The mural is by Nicky Davis. The text says, Picture yourself here, because we all need to give back. #givehou
I took this on August 20, a week before Hurricane Harvey became Tropical Storm Harvey and dumped 50 inches of rain on Houston. Houstonians have been giving to one another ever since, as I well know. Thank you, Houston.
This is a mural I shot in EaDo just before the flood. I remember that I was going to research it, so I didn’t put it on the blog. Or did I? I feel like I’ve lived in a kind of fog for the last month. Happy mensiversary*, Flood.
Best I can ascertain, the artist is Walker Wooding, though when I try to find it online, there’s a different background. Maybe there is more than one mural, or maybe he changed it for Pride, or maybe he changed it for the Rainbow Coalition.
Dylan Capshaw started his own foundation, the Dylan Capshaw Wildlife Foundation, and I suggest you visit his site and learn more about this remarkable young man and the positive change he’s making in the world.
Dylan, who lives in Arizona, decided to help Houston animals impacted by Hurricane Harvey. His mom, wanting to help, began reaching out to organizations here and had a few suggestions for him, but Dylan told her “this is my thing” and he found Rescued Pets Movement through one of the board members, Katie. Dylan raised $1000 to help RPM locate, rehabilitate, and transport animals displaced by the Harvey floods.
I had the honor of meeting Dylan and his family today when they visited RPM’s clinic to present the DCWF check. Later, they toured the Houston Pets Alive facility which is housing and vetting animals from Houston and surrounding areas who needed shelter and help after the hurricane.
Like these two below, Titus and Pepper. They belonged to an elderly woman who lost her home during the flooding and had to move into a place where she couldn’t take her animals. Along with eight other area dogs pulled today from HPA, Titus and Pepper are already scheduled to transport to rescues waiting in Colorado to get them into good forever homes.
I’ve met a lot of amazing people who help animals over my four-year association with RPM, and if you want to know why Dylan rocks my world, it’s because he’s ELEVEN YEARS OLD.
Thank you, Dylan, not only for the hope you offer animals in need, but for the hope you give the rest of us. You are a light.
Everything after Harvey is a blur, honestly. This is what I call “The Alley,” a narrow area behind Tim’s and Debby’s apartments. You can see the water line of about 18 inches on the back wall. I can’t wait until all these reminders are cleaned up.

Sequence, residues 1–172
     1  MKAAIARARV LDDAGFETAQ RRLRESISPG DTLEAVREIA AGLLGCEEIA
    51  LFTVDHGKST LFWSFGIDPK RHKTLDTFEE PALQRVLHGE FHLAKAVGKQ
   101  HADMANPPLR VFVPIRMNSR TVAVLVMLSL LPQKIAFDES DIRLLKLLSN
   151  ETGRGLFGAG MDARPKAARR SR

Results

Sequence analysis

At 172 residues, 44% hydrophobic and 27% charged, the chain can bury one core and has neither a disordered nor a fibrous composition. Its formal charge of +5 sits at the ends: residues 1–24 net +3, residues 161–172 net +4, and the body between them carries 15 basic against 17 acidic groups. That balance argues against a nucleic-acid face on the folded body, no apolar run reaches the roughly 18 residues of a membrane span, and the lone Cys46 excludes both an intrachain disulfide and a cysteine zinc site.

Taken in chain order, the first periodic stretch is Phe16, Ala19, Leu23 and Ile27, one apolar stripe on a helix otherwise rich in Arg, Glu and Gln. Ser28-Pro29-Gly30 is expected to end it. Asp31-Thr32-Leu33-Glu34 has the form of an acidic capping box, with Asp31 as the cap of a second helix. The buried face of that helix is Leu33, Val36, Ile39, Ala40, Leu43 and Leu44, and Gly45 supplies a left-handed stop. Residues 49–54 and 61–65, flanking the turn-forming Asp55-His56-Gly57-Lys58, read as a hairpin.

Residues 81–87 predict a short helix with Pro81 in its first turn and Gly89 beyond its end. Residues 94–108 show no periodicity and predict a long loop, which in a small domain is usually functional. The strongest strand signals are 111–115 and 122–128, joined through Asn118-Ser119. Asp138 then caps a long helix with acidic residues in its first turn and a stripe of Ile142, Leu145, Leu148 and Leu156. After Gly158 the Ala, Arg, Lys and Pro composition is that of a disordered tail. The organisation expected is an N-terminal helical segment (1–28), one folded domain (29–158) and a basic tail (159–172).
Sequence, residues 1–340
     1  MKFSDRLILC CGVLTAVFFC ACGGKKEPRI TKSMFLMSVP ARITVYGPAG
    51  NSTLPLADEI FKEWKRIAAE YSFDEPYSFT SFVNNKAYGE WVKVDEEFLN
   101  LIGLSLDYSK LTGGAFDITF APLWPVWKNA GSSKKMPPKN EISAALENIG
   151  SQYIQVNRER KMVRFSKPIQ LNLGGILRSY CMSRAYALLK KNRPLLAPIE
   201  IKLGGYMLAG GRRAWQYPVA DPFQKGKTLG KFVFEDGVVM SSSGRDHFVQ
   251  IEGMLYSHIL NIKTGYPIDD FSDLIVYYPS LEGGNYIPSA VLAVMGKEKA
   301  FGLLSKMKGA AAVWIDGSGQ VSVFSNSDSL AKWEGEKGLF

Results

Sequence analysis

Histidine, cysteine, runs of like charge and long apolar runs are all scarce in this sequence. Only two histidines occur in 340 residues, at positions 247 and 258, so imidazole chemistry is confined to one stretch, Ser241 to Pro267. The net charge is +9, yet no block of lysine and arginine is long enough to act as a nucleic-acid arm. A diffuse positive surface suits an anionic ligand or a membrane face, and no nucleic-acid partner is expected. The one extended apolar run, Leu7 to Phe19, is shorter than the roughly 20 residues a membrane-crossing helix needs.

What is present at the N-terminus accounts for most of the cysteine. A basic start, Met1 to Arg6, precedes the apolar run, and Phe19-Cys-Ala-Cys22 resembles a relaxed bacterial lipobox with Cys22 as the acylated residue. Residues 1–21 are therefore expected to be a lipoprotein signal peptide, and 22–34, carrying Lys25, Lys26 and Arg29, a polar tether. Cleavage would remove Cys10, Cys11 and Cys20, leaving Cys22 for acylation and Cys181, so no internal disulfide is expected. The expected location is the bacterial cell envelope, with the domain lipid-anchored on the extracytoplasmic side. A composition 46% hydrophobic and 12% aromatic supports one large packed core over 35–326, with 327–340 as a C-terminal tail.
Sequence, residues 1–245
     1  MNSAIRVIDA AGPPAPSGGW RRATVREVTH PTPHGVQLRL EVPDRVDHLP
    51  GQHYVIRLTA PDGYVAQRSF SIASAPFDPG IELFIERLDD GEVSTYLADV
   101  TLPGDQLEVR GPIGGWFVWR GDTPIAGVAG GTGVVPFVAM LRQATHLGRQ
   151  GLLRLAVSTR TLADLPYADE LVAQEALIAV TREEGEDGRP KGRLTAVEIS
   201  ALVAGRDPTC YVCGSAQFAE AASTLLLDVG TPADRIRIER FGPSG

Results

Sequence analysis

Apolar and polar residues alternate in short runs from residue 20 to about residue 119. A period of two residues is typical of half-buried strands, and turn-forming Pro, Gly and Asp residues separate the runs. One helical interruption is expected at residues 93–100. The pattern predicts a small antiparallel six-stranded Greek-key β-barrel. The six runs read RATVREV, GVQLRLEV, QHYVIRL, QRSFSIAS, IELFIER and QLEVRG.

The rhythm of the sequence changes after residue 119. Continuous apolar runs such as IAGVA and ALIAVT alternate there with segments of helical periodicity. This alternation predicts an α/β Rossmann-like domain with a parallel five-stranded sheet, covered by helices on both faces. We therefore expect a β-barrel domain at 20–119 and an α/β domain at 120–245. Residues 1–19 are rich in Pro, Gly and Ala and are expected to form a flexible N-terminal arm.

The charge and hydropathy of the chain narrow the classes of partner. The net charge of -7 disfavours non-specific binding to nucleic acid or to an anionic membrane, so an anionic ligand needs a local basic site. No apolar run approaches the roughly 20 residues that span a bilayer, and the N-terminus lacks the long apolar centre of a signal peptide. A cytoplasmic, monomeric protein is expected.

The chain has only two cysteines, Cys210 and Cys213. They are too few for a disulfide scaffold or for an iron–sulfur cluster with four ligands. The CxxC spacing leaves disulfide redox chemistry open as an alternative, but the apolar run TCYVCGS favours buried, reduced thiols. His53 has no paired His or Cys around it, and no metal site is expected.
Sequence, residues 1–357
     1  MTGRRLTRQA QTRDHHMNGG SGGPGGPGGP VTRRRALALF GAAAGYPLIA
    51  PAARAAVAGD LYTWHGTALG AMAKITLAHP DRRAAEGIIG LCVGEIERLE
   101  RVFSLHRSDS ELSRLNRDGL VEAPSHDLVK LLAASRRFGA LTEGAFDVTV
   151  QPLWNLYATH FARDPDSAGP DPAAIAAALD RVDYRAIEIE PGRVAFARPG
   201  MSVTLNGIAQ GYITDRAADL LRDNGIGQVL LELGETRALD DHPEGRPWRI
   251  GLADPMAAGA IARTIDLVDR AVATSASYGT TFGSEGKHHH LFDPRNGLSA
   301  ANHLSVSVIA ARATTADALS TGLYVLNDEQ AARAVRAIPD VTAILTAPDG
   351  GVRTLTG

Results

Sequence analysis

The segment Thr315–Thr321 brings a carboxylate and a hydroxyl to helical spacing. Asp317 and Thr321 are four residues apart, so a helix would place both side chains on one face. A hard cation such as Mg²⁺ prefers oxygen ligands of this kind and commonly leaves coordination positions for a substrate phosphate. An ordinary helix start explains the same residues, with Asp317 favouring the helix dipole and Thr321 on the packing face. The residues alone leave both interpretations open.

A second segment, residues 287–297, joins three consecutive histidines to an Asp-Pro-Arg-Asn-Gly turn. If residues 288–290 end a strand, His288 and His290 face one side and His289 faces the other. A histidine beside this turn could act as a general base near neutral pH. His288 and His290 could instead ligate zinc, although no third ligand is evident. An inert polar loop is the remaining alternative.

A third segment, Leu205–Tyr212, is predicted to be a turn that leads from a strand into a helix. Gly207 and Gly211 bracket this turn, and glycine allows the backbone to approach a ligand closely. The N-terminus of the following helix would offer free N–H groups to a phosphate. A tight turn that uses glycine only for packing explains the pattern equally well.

Sorry that I haven’t been able to get anything on here. We are okay and so are the dogs. Yes, we are flooded out, but it is MINIMAL compared to what many Houstonians and residents of other cities and communities are enduring. There will be frustrations with clean up and repairs, dealing with insurance and FEMA for home, apartments, and cars–and the expense of it all–YIKES!–but we’ll get there. Right now we are able to stay with Lynne, and other arrangements are being made as well.
Just know that people and hounds are safe with power, food, and lots of water, as well as help from good, good people.
Thank you for checking in on us.
Poor old left behind dog bone in the middle of the floor. There were about a million of these floating around the house and apartments. They and all dog toys and dog beds are trashed. Nothing that’s been in nasty flood water touches the hounds! It’ll be like Christmas when we go home and they get all new stuff. Their stuff will be replaced long before people’s stuff. As it should be.
On the Monday after Harvey hit, the rain still hadn’t stopped but most of the streets in our area were drivable, with the water flowing quickly into and down the bayous away from us. Tom, Lynne, and I were able to use Debby’s truck to go to RPM’s clinic to meet ANGELS. These angels were the foster family who stepped up to take care of Brandywine and her two daughters Belina and Brinley. Letting another foster take them was hard. But when they jumped out of their car with umbrellas and grabbed the dogs, holding them close and loving on them, I knew that our sweet girls were safe and in great hands. They are such wonderful little dogs, and since I’m posting this AFTER the fact, I can show you their transport photos from almost two weeks after the flood.
Happy lives, little ladies. You were very brave in your foster homes and while being ferried by hand through flood waters to Lynne’s house and safety. You kept us laughing even as destruction happened around us. Guess what: There are no hurricanes in Colorado!